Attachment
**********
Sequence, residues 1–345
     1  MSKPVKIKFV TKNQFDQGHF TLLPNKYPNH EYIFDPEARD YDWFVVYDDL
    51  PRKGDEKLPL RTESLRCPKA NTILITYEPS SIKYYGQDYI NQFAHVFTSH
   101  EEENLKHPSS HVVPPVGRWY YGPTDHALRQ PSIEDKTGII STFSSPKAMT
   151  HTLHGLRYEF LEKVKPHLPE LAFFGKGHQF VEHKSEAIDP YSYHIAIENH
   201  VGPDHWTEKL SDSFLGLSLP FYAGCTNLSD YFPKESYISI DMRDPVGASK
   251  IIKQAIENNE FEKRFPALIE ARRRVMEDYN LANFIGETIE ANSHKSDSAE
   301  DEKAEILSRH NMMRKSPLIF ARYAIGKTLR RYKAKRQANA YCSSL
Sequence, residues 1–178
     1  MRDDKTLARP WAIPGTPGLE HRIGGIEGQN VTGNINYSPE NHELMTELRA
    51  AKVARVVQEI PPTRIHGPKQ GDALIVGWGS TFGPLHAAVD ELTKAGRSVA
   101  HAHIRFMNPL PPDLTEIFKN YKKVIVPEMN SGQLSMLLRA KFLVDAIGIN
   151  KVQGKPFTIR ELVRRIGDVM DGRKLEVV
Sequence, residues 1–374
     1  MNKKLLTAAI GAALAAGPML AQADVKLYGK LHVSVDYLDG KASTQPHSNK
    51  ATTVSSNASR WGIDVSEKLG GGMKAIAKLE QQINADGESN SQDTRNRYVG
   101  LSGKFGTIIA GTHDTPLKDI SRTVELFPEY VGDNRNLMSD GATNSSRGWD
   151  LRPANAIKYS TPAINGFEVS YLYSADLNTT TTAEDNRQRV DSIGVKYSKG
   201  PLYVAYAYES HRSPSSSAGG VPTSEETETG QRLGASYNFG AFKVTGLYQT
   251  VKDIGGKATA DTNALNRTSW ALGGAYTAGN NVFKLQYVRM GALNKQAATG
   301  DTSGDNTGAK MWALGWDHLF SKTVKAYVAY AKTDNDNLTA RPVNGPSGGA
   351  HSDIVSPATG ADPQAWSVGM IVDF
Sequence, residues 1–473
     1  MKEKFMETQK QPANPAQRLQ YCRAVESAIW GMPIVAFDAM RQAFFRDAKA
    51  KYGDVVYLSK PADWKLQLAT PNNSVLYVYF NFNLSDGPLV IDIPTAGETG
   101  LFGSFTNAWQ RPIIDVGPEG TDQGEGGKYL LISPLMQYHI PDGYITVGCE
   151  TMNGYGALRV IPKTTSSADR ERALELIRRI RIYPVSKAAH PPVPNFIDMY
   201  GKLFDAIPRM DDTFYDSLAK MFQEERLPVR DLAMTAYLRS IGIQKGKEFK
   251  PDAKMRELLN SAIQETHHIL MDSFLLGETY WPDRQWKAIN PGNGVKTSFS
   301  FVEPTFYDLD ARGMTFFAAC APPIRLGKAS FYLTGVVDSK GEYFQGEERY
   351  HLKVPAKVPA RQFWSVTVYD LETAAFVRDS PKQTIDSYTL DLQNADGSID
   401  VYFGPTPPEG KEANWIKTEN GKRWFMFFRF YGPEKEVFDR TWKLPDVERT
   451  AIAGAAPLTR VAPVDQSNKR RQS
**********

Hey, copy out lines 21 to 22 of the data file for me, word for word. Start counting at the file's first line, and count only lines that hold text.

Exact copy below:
   301  DTSGDNTGAK MWALGWDHLF SKTVKAYVAY AKTDNDNLTA RPVNGPSGGA
   351  HSDIVSPATG ADPQAWSVGM IVDF